"We were caught by surprise at the level of interest that the events generated," commission president Michael Binder told the House of Commons standing committee on natural resources. "There was no cover-up. There were no risks to health, safety or the environment from these events.
The nuclear reactor at Chalk River had to extend an outage in December for what operator Atomic Energy of Canada Ltd. said at the time were technical problems.
It emerged last month that 47 kilograms of heavy water had leaked into a sump. About 4.5 kg of radioactive tritium also evaporated.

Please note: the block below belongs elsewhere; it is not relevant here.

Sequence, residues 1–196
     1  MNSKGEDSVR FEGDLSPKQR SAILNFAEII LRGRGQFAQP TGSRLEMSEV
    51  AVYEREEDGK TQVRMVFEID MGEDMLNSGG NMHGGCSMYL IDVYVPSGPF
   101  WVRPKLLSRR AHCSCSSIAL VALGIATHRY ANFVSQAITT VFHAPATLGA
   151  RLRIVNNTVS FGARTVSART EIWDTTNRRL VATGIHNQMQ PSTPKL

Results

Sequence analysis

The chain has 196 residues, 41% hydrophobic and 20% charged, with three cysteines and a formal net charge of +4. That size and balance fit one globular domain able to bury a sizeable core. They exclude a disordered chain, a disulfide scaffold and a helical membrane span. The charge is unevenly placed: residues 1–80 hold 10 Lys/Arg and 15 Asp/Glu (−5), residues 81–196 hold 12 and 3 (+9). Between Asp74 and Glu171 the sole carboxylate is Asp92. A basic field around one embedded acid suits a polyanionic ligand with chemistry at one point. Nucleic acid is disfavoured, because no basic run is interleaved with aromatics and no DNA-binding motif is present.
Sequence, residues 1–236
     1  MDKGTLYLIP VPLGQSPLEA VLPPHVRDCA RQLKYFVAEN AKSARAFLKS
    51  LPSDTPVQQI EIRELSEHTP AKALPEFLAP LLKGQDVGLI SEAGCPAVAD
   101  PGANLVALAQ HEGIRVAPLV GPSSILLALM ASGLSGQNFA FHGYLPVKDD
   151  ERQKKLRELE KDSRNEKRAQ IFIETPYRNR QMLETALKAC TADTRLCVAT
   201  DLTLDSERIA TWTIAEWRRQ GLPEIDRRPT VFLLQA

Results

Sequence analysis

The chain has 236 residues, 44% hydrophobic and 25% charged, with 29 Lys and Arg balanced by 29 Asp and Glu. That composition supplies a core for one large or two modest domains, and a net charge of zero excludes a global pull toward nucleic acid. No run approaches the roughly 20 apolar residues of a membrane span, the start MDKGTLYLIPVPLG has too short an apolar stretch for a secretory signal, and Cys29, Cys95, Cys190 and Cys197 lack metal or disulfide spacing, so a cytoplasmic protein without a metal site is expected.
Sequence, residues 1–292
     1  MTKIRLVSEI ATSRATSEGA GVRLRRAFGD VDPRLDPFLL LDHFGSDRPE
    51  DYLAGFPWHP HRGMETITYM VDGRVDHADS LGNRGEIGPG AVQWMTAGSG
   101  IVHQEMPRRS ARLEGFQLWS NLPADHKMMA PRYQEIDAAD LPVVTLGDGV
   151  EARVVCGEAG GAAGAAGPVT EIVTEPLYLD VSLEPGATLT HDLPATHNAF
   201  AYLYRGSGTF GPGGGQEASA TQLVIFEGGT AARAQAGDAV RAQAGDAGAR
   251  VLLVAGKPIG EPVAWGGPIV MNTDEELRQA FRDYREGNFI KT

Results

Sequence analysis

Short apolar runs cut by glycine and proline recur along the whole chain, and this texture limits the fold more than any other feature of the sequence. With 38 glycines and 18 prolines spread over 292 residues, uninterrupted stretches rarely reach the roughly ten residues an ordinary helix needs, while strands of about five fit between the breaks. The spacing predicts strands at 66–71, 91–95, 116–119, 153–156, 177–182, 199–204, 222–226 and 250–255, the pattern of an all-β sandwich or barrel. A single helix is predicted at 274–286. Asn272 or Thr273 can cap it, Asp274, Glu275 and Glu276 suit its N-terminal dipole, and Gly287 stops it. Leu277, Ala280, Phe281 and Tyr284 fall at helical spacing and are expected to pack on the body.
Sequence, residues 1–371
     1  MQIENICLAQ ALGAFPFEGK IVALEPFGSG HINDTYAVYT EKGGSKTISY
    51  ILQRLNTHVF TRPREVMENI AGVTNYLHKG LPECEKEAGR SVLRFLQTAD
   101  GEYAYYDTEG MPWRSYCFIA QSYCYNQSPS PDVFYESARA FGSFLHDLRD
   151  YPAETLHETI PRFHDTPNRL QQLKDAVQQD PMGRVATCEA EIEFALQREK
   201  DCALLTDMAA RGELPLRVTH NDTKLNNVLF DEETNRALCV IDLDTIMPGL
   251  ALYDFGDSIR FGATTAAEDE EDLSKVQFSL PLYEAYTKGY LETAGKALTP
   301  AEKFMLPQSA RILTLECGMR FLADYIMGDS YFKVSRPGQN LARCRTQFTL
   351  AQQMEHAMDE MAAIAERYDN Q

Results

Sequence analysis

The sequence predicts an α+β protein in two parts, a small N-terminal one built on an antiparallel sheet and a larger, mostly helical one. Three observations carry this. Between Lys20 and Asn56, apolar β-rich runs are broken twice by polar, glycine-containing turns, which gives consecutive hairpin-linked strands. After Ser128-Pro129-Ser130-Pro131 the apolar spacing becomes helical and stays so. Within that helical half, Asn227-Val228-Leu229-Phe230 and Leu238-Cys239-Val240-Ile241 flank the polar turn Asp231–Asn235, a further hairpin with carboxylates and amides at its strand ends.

Binder said the company alerted nuclear safety officials immediately. After a "rigorous international protocol for when you alert the public," the organizations decided not to release the details.
"In the future we will report more on things that we have deemed in the past to be routine," Binder said, noting the commission posted information February 24 about a small leak discovered February 22.
Binder dismissed a suggestion from Liberal energy critic David McGuinty that a government order gave the commission a dual mandate to include considering the need for medical isotopes.
"We have one mandate, and if you think that we are not going to shut down a facility that is unsafe, I think you are making a mistake," he said.